While this vintage here can’t compare to the wonders produced in 2009 and 2010, the reds are better than expected given the tricky vintage. The wines displayed plenty of sap and bite at last week’s UGCB tastings but the fruit is there. There hadn’t been much doubt about the quality of the whites though from the very start. During the primeurs tastings Pessac-Léognan’s white wines showed plenty of fruit and style and none of these characters have been lost now that they are in bottle. Some are already delicious if you like wines with zest and life but many will benefit from a few years in bottle to broaden further.
Posts Tagged ‘UGCB’
So just how has Bordeaux’s most aristocratic appellation fared in 2010? There’s certainly the heavy burden of expectation. These wines looked extremely strong when first shown during the primeurs tastings a shade under two years ago. Well, on the basis of what is now in the glass Pauillac looks perhaps to be the most impressive of all Bordeaux’s appellations in 2010. It’s a difficult call but the vintage’s characteristics – density, power, structure, freshness – simply reach their apogee here. Of course that’s just as well given Pauillac’s original release prices in 2010.
2010 is a dense long-term vintage here in St Estèphe. At the best of times this appellation produces pretty full throttle wines, so the combination of a drought year with comparatively cool temperatures, certainly compared with 2009, 2005 and especially 2003, has yielded wines here in 2010 of strength – not just alcoholic strength but pretty much on every indicator of grape chemistry – but most particularly, exceptional freshness. It’s acidity as much as anything that is the defining characteristic of this vintage. This feels particularly so in St Estèphe [and Pauillac & St Julien, more on which later]. Yes there’s formidable tannin here, though it feels generally ripe, but it’s the grip and acidity that leaves the biggest impression. This means that the opulence of the wines in St Estèphe in 2009 is replaced in 2010 by minerality, density and grip. It’s a combination that makes these wines feel pretty structured and formidable at present.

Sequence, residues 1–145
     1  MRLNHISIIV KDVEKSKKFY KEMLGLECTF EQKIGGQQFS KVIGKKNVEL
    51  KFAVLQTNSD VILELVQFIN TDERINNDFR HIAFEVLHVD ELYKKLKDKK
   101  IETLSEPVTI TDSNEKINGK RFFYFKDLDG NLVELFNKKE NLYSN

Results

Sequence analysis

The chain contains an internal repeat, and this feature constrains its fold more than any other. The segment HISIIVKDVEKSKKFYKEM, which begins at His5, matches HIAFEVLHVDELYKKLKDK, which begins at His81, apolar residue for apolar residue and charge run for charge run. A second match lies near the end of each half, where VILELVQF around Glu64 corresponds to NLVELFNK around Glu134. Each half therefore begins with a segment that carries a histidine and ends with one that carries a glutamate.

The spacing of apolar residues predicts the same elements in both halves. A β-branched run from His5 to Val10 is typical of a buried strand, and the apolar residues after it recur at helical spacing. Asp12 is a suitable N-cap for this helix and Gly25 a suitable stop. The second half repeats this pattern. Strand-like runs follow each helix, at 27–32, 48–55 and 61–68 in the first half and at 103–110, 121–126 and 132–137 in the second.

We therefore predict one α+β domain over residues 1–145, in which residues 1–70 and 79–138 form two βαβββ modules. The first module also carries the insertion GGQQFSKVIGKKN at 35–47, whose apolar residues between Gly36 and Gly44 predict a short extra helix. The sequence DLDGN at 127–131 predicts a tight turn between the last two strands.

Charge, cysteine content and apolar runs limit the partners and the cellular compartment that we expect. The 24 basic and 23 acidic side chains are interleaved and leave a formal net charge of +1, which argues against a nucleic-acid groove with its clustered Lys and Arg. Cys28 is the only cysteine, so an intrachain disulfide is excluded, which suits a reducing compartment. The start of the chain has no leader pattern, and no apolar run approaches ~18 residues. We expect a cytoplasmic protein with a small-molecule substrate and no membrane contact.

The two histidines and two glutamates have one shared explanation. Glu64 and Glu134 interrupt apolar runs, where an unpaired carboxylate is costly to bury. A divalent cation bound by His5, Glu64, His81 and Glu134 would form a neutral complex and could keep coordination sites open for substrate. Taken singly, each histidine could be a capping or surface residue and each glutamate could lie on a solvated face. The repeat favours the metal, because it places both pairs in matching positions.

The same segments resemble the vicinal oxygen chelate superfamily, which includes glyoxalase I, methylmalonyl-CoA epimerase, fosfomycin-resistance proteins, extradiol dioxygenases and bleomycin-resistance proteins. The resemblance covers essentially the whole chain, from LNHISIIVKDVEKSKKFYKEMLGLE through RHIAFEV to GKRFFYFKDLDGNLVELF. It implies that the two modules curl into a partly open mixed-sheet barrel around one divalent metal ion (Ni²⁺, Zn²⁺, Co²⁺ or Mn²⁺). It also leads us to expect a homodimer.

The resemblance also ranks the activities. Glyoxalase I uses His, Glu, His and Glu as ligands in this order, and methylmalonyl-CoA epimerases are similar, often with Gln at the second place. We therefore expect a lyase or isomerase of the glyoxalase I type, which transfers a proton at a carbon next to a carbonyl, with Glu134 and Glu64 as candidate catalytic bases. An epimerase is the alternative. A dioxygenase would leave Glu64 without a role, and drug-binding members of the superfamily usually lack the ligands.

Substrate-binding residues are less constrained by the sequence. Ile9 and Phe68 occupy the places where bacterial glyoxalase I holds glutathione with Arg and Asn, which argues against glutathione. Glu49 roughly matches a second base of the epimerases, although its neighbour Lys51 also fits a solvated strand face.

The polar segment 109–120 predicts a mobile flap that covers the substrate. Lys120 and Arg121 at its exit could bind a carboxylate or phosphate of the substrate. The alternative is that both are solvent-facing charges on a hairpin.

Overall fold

There’s some variation in Margaux 2010 as you’d expect from this diverse commune, though there is greater consistency here than in some years. It’s a large appellation with a great variety of terroirs and winemaking styles and this, as ever, accounts for these differences. The density, tannin and grip of 2010 are very present here in almost all the wines. Some lack the fruit to match the density [or is it that match the winemaking?] but others have produced very good, serious, intense wines, which look long-term bets. There’s not as much joy in the best as there was in 2009 but you’d really need to see the wines sat side-by-side to gauge precisely. I guess I could think of other appellations that I’d stock up with first in 2010, but that’s not to say that there are not wines to seek out here in Margaux.